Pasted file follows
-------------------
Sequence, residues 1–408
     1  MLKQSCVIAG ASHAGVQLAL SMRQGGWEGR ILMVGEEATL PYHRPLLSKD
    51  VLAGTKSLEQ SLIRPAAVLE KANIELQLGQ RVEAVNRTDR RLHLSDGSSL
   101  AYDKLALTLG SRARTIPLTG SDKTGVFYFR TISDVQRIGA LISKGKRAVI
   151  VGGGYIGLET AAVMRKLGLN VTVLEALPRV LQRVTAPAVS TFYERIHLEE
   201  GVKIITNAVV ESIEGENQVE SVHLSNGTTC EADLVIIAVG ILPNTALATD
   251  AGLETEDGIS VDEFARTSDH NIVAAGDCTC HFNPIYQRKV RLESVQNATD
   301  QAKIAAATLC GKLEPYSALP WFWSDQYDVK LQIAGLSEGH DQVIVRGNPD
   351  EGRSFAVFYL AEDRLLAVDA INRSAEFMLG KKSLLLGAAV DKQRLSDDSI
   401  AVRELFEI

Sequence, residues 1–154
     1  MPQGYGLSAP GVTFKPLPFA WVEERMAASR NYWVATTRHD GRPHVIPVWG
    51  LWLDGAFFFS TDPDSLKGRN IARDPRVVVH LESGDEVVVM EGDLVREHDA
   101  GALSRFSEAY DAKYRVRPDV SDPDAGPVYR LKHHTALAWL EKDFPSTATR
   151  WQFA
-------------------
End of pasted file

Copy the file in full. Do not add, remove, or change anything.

Sequence, residues 1–408
     1  MLKQSCVIAG ASHAGVQLAL SMRQGGWEGR ILMVGEEATL PYHRPLLSKD
    51  VLAGTKSLEQ SLIRPAAVLE KANIELQLGQ RVEAVNRTDR RLHLSDGSSL
   101  AYDKLALTLG SRARTIPLTG SDKTGVFYFR TISDVQRIGA LISKGKRAVI
   151  VGGGYIGLET AAVMRKLGLN VTVLEALPRV LQRVTAPAVS TFYERIHLEE
   201  GVKIITNAVV ESIEGENQVE SVHLSNGTTC EADLVIIAVG ILPNTALATD
   251  AGLETEDGIS VDEFARTSDH NIVAAGDCTC HFNPIYQRKV RLESVQNATD
   301  QAKIAAATLC GKLEPYSALP WFWSDQYDVK LQIAGLSEGH DQVIVRGNPD
   351  EGRSFAVFYL AEDRLLAVDA INRSAEFMLG KKSLLLGAAV DKQRLSDDSI
   401  AVRELFEI

Sequence, residues 1–154
     1  MPQGYGLSAP GVTFKPLPFA WVEERMAASR NYWVATTRHD GRPHVIPVWG
    51  LWLDGAFFFS TDPDSLKGRN IARDPRVVVH LESGDEVVVM EGDLVREHDA
   101  GALSRFSEAY DAKYRVRPDV SDPDAGPVYR LKHHTALAWL EKDFPSTATR
   151  WQFA